Dysesthetic Vulvodynia

Generally considered a diagnosis of exclusion, it presents commonly in perimenopausal and postmenopausal women as nonspecific superficial vulvar burning or perineal discomfort with intermittent, deep, aching pain. Patients deny entry dyspareunia. Physical examination is normal, with no tenderness on palpation. Pudendal nerve tenderness, hyperesthesiae, or hypoesthesiae in a saddle distribution extending from the mons pubis to the upper inner thighs and posteriorly across ischial tuberosities may be noted on examination.187 The etiology may be secondary to an aberration in cutaneous nerve perception (pudendal nerve distribution S2-S4) at either the central or peripheral level. Tricyclic antidepressants starting at 10 mg q.d. to 40-60 mg q.d. may be of benefit in this condition.188 Topical 5 percent lidocaine may provide additional benefit. Other reported treatments, although of unproven effectiveness, include acupuncture, pelvic floor muscle, physical therapy, TENS, regional nerve blocks, and anticonvulsants.188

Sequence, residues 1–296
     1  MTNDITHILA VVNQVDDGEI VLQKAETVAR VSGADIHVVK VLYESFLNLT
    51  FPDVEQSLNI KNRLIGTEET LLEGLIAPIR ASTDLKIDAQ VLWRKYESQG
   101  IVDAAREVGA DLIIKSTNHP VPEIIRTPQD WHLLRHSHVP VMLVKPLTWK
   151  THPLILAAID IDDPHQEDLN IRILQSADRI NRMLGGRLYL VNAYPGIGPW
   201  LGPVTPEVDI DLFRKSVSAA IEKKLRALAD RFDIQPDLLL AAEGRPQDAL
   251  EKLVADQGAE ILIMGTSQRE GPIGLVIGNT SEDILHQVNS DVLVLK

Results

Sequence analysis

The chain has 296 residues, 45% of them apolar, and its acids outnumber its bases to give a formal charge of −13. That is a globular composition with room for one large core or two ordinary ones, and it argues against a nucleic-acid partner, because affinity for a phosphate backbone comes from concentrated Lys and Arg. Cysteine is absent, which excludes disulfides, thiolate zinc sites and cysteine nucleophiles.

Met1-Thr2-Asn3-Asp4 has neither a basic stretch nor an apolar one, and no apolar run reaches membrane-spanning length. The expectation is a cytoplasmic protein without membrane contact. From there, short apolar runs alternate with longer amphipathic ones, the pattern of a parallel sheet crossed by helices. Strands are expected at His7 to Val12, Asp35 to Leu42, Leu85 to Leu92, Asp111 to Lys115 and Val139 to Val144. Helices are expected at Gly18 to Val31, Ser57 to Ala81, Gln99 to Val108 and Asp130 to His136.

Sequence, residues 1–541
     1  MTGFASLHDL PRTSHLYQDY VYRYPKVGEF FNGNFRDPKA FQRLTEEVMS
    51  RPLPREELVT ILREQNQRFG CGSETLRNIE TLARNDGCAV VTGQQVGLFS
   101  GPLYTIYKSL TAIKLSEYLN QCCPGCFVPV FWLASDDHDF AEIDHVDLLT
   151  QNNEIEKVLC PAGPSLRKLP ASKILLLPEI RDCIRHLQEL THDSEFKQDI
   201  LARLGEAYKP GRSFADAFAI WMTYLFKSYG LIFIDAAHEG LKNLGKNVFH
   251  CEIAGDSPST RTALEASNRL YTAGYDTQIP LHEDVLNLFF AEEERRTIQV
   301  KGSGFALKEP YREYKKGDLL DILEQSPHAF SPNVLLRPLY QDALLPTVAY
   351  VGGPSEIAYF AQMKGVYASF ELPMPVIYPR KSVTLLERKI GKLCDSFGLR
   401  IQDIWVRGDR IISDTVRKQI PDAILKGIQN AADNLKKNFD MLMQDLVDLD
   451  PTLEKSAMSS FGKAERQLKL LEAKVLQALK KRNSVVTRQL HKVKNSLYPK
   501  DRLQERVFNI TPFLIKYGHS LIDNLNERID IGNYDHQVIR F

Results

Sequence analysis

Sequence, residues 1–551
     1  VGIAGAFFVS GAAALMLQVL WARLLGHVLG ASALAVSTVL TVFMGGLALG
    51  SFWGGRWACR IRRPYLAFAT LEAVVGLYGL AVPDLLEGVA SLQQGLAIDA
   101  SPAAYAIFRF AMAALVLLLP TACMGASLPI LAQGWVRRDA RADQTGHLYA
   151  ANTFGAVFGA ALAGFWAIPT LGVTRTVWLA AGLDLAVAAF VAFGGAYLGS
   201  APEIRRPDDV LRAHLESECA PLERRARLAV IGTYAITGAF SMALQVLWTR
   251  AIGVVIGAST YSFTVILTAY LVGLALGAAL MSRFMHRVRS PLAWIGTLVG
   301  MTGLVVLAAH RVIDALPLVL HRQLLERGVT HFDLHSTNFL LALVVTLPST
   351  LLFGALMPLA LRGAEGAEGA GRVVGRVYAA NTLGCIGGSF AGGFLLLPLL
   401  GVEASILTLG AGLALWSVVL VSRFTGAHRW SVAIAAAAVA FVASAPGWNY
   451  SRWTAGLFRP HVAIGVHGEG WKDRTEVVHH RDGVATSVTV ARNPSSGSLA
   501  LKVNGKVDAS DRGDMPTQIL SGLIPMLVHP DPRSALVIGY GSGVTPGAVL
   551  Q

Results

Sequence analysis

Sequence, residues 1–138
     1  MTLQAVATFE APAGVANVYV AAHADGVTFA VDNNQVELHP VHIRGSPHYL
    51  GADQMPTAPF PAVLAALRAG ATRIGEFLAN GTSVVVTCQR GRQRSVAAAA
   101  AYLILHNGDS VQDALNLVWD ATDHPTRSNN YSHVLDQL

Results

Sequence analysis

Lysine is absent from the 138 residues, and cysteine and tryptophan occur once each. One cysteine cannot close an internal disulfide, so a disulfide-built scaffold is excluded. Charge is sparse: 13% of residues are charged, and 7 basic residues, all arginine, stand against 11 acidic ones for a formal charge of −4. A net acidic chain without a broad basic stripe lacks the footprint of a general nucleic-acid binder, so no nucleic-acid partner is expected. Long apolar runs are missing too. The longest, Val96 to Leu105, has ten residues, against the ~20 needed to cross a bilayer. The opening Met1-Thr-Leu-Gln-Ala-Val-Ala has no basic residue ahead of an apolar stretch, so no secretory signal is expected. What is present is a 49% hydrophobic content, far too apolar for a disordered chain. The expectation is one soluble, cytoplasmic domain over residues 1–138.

Table 41.3 Etiologies of vulvodynia.

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